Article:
Central Market in Port Louis
If you are keen on buying fresh fruit and vegetables as well as trying local street food and sweets, head to the Central (or Oriental) Market in Port Louis. This day, we were riding a motoroller and therefore couldn’t buy as much goods and greens as we would like to.
Seven Colored Earth and Chamarel Waterfall
Higher in the mountains in the South of the island, you can visit Chamarel and its attractions: the Seven Colored Earth and Chamarel Waterfall for 225 rupees pp.
No one can precisely explain the nature of so many different colors of earth in this area, but most probably is that the soil is reach with iron, which is oxidized to different degree and therefore provides the intense gradient color.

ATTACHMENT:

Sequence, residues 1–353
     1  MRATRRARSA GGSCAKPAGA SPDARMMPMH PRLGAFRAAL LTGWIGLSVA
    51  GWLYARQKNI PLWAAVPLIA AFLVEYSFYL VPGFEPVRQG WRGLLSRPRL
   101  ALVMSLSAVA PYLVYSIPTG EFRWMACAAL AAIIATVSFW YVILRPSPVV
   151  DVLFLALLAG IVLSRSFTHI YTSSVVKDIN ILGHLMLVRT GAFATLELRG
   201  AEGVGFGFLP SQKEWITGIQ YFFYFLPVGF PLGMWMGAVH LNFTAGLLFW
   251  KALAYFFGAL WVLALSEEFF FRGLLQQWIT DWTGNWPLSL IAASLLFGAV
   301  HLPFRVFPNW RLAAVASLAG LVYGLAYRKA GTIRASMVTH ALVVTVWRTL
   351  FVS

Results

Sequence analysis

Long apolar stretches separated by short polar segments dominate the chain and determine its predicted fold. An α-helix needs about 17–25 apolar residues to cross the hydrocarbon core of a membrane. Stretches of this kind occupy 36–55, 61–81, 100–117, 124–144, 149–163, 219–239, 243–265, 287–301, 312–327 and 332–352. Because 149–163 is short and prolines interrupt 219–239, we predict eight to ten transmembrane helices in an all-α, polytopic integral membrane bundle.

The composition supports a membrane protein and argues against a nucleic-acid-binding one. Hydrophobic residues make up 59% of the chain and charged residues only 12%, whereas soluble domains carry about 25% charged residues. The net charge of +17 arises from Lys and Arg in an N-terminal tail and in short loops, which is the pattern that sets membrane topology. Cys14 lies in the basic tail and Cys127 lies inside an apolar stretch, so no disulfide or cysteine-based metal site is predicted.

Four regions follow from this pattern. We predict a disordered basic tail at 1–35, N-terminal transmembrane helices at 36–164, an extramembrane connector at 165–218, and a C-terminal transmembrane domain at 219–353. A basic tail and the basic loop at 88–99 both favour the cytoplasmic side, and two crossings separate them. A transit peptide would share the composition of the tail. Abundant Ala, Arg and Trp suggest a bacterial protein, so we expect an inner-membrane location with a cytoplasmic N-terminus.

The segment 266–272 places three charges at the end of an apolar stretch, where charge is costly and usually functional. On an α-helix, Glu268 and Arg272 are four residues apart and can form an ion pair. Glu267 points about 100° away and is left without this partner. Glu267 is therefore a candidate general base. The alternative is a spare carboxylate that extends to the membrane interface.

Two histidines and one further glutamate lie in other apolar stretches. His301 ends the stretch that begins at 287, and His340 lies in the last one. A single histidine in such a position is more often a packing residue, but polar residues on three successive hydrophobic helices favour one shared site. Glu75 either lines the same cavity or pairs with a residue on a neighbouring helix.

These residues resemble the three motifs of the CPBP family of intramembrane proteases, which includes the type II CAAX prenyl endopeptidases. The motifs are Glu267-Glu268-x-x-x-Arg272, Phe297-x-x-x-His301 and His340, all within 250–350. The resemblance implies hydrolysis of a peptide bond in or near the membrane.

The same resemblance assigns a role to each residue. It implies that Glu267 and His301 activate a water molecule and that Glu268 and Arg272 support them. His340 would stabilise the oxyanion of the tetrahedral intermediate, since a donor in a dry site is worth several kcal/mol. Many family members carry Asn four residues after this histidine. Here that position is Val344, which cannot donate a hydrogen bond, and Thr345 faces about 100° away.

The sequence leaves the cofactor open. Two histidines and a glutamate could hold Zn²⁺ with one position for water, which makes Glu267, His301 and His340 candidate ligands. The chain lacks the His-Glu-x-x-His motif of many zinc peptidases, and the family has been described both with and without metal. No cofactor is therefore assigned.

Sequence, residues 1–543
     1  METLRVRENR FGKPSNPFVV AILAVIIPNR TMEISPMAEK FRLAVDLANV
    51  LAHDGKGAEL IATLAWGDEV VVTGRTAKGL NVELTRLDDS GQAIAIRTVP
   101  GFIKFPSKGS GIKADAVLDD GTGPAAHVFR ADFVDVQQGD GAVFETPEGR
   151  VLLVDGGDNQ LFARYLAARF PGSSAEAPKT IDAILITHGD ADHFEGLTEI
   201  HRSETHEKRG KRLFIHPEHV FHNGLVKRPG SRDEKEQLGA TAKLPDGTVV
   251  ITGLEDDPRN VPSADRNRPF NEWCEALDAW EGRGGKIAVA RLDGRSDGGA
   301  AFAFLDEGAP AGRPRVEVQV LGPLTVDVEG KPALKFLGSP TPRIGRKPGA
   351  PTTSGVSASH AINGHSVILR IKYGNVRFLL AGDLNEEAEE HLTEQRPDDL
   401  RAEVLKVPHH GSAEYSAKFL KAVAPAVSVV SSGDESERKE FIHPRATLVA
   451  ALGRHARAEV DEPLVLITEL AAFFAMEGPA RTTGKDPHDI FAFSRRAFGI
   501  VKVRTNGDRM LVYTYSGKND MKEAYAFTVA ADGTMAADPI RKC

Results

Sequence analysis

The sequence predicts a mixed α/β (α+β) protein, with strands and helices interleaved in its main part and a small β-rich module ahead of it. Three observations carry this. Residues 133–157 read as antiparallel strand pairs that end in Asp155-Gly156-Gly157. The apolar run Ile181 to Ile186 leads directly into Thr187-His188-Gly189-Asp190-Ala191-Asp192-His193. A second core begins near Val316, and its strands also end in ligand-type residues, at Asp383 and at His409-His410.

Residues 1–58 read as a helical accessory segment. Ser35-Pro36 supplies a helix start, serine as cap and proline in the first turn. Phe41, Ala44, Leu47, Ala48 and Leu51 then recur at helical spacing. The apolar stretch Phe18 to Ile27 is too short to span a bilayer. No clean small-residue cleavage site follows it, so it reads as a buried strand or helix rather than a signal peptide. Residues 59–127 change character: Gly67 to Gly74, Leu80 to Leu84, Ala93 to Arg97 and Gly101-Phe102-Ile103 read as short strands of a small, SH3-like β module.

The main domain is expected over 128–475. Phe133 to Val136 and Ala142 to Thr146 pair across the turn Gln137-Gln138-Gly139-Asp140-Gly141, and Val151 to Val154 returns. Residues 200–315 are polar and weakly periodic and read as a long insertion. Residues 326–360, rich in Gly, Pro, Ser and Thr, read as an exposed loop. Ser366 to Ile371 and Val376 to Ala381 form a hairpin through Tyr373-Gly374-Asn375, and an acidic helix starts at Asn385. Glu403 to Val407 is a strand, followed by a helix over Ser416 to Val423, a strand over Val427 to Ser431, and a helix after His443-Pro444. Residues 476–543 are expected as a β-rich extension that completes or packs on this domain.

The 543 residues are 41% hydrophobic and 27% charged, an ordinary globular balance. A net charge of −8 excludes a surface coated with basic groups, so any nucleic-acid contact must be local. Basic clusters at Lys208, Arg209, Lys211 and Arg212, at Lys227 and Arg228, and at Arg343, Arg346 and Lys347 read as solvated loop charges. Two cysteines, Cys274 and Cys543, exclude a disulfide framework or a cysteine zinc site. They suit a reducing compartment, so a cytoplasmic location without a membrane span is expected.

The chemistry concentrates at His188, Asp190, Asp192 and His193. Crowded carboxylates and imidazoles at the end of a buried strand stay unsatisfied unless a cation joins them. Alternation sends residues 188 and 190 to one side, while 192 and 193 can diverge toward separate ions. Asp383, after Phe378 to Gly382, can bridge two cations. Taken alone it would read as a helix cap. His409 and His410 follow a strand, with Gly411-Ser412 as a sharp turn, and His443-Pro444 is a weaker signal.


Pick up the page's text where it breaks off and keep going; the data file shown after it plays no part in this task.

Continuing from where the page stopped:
On the top, you can try decent local coffee at the coffee-shop with the view to the colorful valley and afterwards take the stairs down to visit the giant turtles.
Bras D’Eau National Park
In the Northeastern corner, you can go for a short hike at the Bras D’Eau National Park. When we arrived there, at the parking a funny dog joined us and accompanied us the whole time during the walk in the forest.
In the very North of the island you can visit a colorful small church in Cap Malheureux -Notre-Dame Auxiliatrice de Cap Malheureux – and enjoy the calm view of the ocean behind it.
After each trip we ask ourselves: would we come back here? For Mauritius it’s a yes, once we have children and are ready to spend much money for a wealthy vacation. For now we need more freedom and adventure!